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Safety tips all nurses need to know

As a practicing nurse, you probably already know that there are plenty of hazards lurking in the workplace. You may even have colleagues who have suffered injuries while working alongside you in a San Diego hospital. While many people think that working in health care is a safe job, it actually has one of the highest rates of workplace accidents.

Before your next shift, take the time to brush up on some safety tips so that you can avoid an on-the-job injury. Here are a few safety procedures that all nurses should follow.

Avoiding needlesticks

The Occupational Safety and Health Administration (OSHA) requires that hospitals and medical offices adhere to the Needlestick Safety and Prevention Act. This federal law stipulates that hospitals must use safe needles to reduce the risk of nurses sticking themselves during a procedure.

If the medical facility where you work does not use safe needles, then you may want to speak to someone who oversees safety issues at your job. Also, be especially careful when you are drawing blood or using a needle at the end of your shift or when you are working a double. When you are tired, rushed or stressed, the chances of a needlestick drastically increase.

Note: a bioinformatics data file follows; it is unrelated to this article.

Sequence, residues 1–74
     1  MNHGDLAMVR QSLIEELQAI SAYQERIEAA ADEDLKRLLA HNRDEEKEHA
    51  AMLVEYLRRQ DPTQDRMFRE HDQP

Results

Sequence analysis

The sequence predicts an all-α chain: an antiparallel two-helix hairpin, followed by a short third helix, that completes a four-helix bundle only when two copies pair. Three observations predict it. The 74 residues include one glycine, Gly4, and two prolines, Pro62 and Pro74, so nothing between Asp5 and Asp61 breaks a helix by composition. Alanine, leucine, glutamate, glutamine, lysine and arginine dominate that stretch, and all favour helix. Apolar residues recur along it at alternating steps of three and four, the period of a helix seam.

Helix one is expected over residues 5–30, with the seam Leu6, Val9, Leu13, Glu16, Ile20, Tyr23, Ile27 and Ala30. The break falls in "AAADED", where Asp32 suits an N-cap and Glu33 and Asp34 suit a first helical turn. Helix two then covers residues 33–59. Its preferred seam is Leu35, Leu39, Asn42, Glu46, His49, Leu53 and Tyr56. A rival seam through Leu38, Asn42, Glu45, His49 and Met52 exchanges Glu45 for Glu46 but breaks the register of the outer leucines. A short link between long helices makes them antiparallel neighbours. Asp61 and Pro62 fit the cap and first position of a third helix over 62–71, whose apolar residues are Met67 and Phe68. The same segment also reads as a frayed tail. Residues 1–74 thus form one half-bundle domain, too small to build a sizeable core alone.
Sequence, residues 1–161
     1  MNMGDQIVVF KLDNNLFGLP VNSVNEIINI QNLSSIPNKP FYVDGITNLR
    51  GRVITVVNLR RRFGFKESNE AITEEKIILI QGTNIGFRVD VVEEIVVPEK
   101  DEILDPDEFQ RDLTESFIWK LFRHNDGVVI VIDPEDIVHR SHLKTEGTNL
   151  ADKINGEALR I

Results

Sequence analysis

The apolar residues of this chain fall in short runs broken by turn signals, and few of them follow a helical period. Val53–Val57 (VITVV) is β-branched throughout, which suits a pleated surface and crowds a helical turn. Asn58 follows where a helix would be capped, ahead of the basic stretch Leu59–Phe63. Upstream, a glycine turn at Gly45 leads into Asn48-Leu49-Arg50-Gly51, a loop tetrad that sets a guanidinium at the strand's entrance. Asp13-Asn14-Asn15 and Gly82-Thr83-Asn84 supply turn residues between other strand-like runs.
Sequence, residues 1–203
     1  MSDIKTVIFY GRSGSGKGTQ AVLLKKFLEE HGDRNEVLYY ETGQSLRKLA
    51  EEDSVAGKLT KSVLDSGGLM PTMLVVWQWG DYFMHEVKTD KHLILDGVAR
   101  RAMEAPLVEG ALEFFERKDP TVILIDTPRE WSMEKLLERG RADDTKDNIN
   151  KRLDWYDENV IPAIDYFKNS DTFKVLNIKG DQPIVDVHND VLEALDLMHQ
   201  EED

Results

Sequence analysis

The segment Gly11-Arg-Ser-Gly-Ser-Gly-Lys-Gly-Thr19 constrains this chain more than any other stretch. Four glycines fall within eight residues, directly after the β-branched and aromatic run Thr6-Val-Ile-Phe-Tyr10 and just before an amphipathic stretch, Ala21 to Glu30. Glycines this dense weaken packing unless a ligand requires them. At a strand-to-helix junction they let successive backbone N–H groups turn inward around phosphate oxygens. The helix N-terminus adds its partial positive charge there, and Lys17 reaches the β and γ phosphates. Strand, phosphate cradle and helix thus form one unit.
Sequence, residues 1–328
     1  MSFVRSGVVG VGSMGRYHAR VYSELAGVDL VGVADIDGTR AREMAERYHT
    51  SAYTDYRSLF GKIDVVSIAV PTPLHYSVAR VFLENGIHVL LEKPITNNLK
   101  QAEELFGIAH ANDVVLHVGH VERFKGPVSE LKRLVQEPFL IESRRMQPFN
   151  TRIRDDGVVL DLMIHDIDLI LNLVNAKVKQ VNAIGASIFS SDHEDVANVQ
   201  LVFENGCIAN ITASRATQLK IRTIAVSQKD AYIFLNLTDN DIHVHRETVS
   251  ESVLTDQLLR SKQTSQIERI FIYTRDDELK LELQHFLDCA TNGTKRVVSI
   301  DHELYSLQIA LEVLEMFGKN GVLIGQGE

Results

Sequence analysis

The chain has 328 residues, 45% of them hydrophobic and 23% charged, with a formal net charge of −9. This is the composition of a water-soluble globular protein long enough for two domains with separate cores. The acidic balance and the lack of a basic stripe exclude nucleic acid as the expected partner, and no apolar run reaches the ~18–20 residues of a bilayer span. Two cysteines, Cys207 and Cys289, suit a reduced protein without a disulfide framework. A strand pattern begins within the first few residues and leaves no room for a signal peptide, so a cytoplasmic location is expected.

Take care of your back

Most injuries that nurses suffer from involve the head, neck or back. Usually these types of injuries happen because of lifting patients. While federal guidelines recommend that workers limit lifting to loads of no more than 50 pounds, nurses usually have to lift much more since most patients weigh over the suggested limit.

When you can, try pushing instead of pulling to reduce the stress on your back. Also, pushing will give you almost twice as much power. In addition, stay as close to the bed or machine as possible so that you do not have to reach too far. And, as with any lifting, be sure to use your legs instead of your back.

Violence in the workplace

According to studies done by OSHA, nurses are very susceptible to workplace violence when the hospital is understaffed and during high levels of activity such as visiting hours. Unfortunately, it is not always possible to avoid working alone or in areas that are prone to violence and crime.

However, there are some things you can do to reduce your chances of becoming a victim. For example, become familiar with your patients and make note of ones who have a history of violence or aggression. Also, if you have a patient who displays such behavior, try to have an escort or other staff member close by in case you need help.

If you have suffered a workplace injury, keep in mind that you have options. You might be able to file a claim for workers' compensation so that you can receive the benefits you deserve.

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